This is about safety.
You don’t let your ten-year old drive. You don’t let your six-year old cook without supervision, you don’t let your teen stay out all night. They can pitch a fit, say they hate you, but in the end, you have to stand up, take a deep breath, accept your role and do what’s right.
Being a sandwich generationer shows you the similarities in parenting your children and caring for your seniors, who are not your children, but at some point, you will have to being to partner in their decisions, and eventually, depending on their condition, make decisions for them. It’s a transitiional process.
Loving and respecting your elder/mother/father/grandparent, or anyone who needs care is a state of mind–on both parts.
A message to our elders:
If you want to be treated with respect and dignity, you have to believe that you possess it already. You have to bring it to the table. No one, and no circumstance can take it from you. Driving isn’t the issue, living in your own home isn’t the issue. Accept your place with dignity.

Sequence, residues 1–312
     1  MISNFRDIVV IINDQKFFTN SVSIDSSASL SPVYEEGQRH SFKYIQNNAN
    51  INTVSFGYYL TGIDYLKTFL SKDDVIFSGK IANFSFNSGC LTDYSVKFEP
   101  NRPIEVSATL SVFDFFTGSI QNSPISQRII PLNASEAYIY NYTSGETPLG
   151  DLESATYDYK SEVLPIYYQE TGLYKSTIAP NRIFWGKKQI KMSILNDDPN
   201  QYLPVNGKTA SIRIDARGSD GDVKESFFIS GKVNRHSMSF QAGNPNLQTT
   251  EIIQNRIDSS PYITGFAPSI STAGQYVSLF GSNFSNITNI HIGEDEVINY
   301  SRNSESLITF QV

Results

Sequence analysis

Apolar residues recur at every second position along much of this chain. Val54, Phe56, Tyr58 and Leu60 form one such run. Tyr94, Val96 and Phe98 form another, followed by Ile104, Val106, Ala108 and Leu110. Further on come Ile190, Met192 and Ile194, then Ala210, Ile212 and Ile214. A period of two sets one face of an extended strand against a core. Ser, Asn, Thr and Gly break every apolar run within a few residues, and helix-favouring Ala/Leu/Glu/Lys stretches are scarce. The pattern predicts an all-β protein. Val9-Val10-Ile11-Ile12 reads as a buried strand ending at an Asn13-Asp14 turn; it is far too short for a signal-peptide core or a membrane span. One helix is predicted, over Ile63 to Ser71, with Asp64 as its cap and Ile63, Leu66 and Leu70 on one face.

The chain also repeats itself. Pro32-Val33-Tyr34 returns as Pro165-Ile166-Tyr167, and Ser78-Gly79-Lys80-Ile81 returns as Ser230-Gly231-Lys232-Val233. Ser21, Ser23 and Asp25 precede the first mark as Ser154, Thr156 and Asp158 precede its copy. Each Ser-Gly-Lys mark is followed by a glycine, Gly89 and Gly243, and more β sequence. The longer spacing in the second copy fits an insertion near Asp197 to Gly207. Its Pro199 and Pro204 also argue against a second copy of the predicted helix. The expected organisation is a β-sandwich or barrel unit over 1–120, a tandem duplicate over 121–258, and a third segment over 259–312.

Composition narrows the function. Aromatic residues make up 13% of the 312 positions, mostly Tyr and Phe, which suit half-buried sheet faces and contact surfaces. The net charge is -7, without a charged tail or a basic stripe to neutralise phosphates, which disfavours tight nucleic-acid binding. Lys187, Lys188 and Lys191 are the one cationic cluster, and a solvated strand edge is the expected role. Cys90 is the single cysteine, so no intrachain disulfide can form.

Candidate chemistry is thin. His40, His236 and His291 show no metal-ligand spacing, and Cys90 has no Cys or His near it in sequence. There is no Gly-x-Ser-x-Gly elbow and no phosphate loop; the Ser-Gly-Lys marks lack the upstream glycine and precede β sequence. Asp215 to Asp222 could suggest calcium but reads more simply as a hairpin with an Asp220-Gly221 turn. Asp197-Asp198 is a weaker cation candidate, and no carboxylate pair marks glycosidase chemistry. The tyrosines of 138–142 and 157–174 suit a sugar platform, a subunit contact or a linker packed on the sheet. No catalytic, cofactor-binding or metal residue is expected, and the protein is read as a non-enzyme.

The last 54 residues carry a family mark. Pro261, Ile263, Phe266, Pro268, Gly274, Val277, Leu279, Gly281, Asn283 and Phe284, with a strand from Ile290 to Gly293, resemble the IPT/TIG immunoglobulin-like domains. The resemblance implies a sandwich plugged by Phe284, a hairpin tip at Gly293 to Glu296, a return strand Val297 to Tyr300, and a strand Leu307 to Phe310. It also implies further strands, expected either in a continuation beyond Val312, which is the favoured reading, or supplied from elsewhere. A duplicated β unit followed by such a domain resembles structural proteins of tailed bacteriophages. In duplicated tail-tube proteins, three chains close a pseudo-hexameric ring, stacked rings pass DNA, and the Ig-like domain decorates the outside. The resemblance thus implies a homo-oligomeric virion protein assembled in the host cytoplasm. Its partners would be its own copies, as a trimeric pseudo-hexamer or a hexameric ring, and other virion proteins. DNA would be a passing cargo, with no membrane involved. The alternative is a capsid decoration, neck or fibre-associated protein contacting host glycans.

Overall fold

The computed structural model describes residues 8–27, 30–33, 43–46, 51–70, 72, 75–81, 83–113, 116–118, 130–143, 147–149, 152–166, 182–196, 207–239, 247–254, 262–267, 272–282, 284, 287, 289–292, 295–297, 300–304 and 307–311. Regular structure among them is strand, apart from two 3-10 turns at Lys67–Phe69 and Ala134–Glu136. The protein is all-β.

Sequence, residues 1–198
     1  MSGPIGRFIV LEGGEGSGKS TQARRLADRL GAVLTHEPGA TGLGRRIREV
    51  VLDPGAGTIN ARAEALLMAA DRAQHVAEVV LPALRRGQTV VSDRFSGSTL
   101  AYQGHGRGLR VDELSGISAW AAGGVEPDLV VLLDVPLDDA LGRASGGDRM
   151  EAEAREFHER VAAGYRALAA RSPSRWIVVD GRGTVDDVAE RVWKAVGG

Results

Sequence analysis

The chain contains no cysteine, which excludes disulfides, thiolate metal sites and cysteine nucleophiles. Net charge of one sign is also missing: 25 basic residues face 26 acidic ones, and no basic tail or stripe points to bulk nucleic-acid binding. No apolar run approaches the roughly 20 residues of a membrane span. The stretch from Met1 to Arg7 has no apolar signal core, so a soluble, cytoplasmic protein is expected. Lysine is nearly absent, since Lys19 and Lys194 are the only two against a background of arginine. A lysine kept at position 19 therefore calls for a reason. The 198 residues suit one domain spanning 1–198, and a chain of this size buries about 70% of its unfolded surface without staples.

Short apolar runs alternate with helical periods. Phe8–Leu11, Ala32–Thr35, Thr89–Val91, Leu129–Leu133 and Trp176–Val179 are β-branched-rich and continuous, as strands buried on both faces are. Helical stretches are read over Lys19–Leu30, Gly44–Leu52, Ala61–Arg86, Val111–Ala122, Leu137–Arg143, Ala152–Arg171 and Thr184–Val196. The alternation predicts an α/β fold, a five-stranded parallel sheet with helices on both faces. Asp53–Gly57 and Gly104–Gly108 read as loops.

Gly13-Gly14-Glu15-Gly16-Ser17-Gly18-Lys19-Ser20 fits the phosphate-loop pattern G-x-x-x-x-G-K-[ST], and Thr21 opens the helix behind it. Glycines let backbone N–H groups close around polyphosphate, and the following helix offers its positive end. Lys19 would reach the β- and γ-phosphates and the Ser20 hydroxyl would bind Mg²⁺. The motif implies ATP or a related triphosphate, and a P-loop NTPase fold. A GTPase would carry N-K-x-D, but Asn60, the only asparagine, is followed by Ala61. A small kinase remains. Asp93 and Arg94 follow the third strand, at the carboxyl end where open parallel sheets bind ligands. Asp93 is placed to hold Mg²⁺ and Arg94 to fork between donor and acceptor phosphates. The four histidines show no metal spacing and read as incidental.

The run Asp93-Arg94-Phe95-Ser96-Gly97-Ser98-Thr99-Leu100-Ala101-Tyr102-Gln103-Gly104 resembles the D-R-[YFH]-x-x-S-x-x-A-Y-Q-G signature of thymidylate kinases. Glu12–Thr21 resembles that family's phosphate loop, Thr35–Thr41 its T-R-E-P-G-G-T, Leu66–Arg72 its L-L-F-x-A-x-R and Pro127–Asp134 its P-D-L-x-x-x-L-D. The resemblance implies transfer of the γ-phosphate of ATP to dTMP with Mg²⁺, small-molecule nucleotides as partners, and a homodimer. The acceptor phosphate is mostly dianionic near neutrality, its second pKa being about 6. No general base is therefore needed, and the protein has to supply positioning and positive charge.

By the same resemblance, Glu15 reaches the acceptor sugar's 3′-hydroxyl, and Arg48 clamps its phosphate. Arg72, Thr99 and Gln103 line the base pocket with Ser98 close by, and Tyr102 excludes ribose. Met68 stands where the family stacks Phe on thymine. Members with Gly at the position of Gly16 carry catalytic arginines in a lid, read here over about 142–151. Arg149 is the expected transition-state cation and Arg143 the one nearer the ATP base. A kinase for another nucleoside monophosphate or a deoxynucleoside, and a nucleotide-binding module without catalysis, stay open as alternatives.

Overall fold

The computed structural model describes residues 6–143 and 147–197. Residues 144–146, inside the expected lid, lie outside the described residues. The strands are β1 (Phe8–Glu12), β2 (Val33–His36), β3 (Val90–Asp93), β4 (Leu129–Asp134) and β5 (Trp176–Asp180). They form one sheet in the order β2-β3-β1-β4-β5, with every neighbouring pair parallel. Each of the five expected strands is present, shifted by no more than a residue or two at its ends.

Accept that life changes, that our bodies, all our bodies wear out–and that this is where you are. Your child, your grandchildren will be exactly where you are one day. You are now their teacher. How you choose to embody this role as the wise, loving, peaceful elder is up to you.
I say this in love and with the most respect you can imagine. I had elder parents (54 and 58 when they adopted me). I grew up in a house where senior status was the norm. I greatly respected them. It wasn’t about them knowing everything in the world, but what they did know–about life, marriage, friendships, God, faith, living, they passed onto me. I felt my father’s respect down in his bones. Everyone admired him. Everyone honored his wisdom, most of all me.